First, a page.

Thursday, January 15, 2015

Islamic Bible Fraud: Lies about Slavery

In a recent defense of Islamic Slavery practices,
an online Islamic apologist made some gross misrepresentations
of both the Holy Scriptures and the position of both Judaism and Christianity.

In his explanation, he did not condemn slavery at all,
but made the lame (read indefensible) argument that slavery was okay
because both Jews and Christians thought it was okay!

This approach can only have been inspired by years of immersion
in one of the worst, and ungodly writings ever penned by an illiterate moron:
The Quran.

Leaving aside the morally shocking excusing of slavery inherent in his position,
he dares to pull a fast one and suggest that "Slavery" is not even in the New Testament!

The question he raises is what Paul actually said in 1st Tim 1:10.
He fraudulently suggests Paul never mentioned "slave traders" here.

To protect himself from an accusation of deception,
he involves himself in a chain of quotations as follows:

He quotes what Dr. Siddiqi said,
about what a pastor said,
about what Paul said,
about slavery.

In fact Dr. Siddiqi claims the pastor ADDED a word to the text of 1st Timothy,
and 'supports' this with a (mis)quote from the Revised Standard Version (RSV).

The unidentified pastor is not available to respond,
and the online apologist acts as if the case is proven.

Dr. Muzammil H. Siddiqi, former President of the Islamic Society of North America and Director of the Islamic Society of Orange County...states the following:

'The author claims that “the Bible condemns slavery” and “one who practices slavery contradicts right teachings.” In order to prove his point he even adds “the slave traders” in 1Timothy 1:10. There is no such word there in the Revised Standard Version.'

Actually in the whole Bible this word does not exist.

Did the pastor really add a word?
Does the RSV have a shorter text at 1st Timothy 1:10?


There is no textual variant of significance regarding this verse here.

All the Greek texts (TR and Nestle/Aland etc.) have the same words.

1st Tim. 1:10
πόρνοις, ἀρσενοκοίταις, ἀνδραποδισταῖς, ψεύσταις, ἐπιόρκοις, καὶ εἴ τι ἕτερον τῇ ὑγιαινούσῃ διδασκαλίᾳ ἀντίκειται,
'for the sexually immoral, for those practicing homosexuality, for slave traders and liars and perjurers--and for whatever else is contrary to the sound doctrine' - NIV

The issue isn't the presence of a word, but the interpretation of that word.

Some popular renderings for ἀνδραποδισταῖς (andrapodistais) are:
'slave traders' - NIV, NLT, KJV 2000, World Eng.,

'slave dealers' - Weymouth,

'kidnappers' - NET, ISV, Holman, Darby RV, God's Word,

'enslavers' - ESV, Amer KJV,

'menstealers' - KJV, ASV, Douay-Rheims, ERV, Websters, YLT,
It is true that this particular word and form only appear once in the New Testament.

But its meaning is easily established because in secular literature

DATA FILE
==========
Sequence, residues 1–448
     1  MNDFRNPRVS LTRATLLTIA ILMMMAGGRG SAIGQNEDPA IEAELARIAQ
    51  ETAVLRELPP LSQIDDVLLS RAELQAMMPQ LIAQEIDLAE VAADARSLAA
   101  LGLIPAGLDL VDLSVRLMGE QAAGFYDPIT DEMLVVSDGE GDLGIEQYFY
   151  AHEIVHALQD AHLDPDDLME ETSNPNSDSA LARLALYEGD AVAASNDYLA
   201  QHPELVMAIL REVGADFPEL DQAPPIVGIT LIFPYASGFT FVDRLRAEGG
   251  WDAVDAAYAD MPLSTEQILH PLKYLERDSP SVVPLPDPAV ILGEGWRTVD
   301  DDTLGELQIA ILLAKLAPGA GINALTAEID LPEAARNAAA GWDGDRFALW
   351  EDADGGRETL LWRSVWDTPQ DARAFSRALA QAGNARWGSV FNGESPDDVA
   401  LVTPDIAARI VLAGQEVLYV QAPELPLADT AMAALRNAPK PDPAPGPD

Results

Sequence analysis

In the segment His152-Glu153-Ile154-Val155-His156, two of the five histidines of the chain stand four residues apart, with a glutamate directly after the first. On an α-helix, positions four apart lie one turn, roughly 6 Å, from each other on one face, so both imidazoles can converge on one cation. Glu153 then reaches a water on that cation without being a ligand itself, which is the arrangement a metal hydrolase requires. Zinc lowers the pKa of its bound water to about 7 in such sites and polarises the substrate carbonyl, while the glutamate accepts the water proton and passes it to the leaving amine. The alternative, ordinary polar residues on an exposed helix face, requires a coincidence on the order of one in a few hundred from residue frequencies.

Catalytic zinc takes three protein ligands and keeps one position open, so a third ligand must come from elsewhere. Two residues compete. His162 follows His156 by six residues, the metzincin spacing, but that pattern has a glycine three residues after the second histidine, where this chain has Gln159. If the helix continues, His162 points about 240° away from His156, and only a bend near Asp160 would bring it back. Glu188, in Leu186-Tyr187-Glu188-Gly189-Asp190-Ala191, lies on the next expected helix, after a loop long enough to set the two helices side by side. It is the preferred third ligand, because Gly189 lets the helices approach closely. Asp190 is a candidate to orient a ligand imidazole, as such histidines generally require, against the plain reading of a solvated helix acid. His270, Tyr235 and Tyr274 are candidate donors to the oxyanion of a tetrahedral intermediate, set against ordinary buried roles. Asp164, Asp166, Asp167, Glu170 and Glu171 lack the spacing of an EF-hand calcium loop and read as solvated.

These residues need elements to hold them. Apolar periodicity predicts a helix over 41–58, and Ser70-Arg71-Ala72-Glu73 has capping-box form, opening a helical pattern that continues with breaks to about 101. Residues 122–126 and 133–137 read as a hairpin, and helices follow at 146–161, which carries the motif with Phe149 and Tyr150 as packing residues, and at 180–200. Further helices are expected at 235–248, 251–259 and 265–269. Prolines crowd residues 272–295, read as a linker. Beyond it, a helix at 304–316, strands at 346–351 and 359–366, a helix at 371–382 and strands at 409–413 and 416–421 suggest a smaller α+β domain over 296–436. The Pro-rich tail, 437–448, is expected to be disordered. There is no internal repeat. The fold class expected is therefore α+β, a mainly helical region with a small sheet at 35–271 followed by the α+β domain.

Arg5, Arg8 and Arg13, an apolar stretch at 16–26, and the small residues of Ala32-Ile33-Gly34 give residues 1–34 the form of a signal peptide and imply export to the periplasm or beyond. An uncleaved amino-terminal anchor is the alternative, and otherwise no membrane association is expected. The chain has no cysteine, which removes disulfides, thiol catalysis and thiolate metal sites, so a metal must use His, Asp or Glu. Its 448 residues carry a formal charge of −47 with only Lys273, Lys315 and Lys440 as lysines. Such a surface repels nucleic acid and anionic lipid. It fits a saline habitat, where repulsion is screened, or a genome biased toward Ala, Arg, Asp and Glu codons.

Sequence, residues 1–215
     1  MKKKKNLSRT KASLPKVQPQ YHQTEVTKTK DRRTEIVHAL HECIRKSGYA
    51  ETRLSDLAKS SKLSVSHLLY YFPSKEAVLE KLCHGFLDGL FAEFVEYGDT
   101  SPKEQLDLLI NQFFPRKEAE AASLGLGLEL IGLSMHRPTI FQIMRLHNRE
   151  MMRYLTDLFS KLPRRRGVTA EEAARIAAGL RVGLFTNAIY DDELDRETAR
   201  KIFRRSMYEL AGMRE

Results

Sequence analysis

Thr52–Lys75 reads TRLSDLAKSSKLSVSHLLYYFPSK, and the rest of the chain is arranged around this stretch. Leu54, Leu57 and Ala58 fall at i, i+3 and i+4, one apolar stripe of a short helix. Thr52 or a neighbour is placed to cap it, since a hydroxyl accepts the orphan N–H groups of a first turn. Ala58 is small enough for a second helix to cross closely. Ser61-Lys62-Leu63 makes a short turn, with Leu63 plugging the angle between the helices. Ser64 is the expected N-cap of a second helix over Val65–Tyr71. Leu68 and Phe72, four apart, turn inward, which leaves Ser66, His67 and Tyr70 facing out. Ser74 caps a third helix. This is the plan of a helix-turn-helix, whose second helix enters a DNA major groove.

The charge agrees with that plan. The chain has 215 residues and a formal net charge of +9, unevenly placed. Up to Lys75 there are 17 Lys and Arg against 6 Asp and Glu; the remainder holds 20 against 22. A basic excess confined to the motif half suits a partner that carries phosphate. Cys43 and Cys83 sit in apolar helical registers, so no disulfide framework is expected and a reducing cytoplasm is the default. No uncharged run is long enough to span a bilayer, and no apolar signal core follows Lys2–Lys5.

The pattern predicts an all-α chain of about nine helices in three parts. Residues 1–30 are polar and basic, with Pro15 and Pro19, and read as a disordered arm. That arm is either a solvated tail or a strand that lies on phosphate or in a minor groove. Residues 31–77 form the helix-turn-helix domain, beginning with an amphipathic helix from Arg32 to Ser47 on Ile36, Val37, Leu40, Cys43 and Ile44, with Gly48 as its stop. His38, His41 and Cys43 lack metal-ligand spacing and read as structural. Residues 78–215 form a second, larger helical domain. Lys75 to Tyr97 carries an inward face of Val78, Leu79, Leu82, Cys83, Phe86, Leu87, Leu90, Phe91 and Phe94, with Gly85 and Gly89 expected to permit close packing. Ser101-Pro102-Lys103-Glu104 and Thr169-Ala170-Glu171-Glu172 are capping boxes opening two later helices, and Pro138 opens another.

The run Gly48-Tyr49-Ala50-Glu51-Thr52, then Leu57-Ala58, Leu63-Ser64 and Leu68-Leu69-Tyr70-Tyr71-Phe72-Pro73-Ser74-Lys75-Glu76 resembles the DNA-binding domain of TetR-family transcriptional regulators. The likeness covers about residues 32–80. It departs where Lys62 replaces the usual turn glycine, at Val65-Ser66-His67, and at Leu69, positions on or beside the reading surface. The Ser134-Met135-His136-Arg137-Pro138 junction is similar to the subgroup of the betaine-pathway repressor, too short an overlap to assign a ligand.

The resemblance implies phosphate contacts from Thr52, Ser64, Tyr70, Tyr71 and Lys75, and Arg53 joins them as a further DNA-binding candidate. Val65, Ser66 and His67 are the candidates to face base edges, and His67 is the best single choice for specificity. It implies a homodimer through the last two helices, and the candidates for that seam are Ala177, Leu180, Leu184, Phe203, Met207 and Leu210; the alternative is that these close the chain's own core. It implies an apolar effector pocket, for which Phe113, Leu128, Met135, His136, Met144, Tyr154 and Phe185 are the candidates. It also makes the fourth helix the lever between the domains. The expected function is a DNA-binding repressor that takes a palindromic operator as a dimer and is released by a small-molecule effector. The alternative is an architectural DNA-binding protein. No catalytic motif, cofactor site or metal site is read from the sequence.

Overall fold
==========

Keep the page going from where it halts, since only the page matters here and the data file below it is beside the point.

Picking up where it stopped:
it is a very common word, with a clear meaning and usage in a wide
variety of contexts.

As a Compound Greek word it breaks into two simpler parts:

(1) ἀνδραποδα- ("andrapoda") = 'slave' i.e., as a result of war, capture, or breeding. This meaning rather than a mere (indentured) "servant"
or "footman" (hired squire etc.) is easily shown by its usage among many ancient authors.
(although etymologically formed from "man"(andros) and "foot"(poda),
it does not carry the English meaning of 'footman' or soldier.)

Thucydides - "sheltering runaway slaves", "onboard the ships were the slaves", "they sold the slaves", "20,000 slaves deserted", all using ἀνδραποδα.

All this word's cognates, derivatives, nouns and adjectives are
connected to slavery throughout the literature.

One can understand how the KJV translators (circa 1600)
arrived at 'menstealers', since more modern terms didn't exist.
'kidnapper' was popularized later in reference to pirates,
while 'slave' apparently came from 'Slav' i.e., Eastern Europeans
who were enslaved by muslim hoards after 630 A.D.

'enslavers' may describe part of what slave-traders do,
but its too narrow a word to carry the intended meaning of the Greek here.
Overall, 'Slave-traders' is the best fit for an English rendering of this word,
and the modern claim of our online Muslim apologist that it is
'not in the Bible' is simply smokescreening and hand-waving.

The general idea of the compound word is 'slavery', 'slave trading'.
One could use one form for making or buying a slave, and another for selling.

But there is no special notion of "making a free man into a slave".
This is wholly artificial, and interpreters who try to insert this meaning
here, do so for one of two reasons:

(a) To make the crime appear more wicked, i.e., a violation of Roman law,
and make it into essentially 'freeman-stealing' or 'kidnapping'.
This would make it harmonize better with other crimes
in Paul's list, to those inclined to view them worse than slavery.

(b) To excuse the 'legitimate' buying and selling of legal slaves, in an attempt to harmonize the verse with other statements by Paul,
who appears more tolerant of slavery in other passages.

Stealing was indeed expressed in Greek by klepto (κλεπτω),

The Greeks also used the word ανθρωπωκλεπτιας (literally man-stealer),
but reducing a (free) man to slavery was a different
and specialized legal idea entirely.

But a slaver was normally covered by Paul's choice of word.
Had Paul meant 'man-stealing' unconnected to slavery,
he would would have used analogous language.

Thus the word 'slaver', 'slave-trader' is indeed in the Bible,

where it is listed as a heinous crime, equivalent to bearing false witness,
adultery, etc., all death-penalty offences.

The Muslim claim that Paul approved of slavery is completely destroyed
by Paul's use of this word in this passage, listing heinous crimes.

(see Studies on Slavery: In Easy Lessons, By John Fletcher 1852, pg 566 fwd)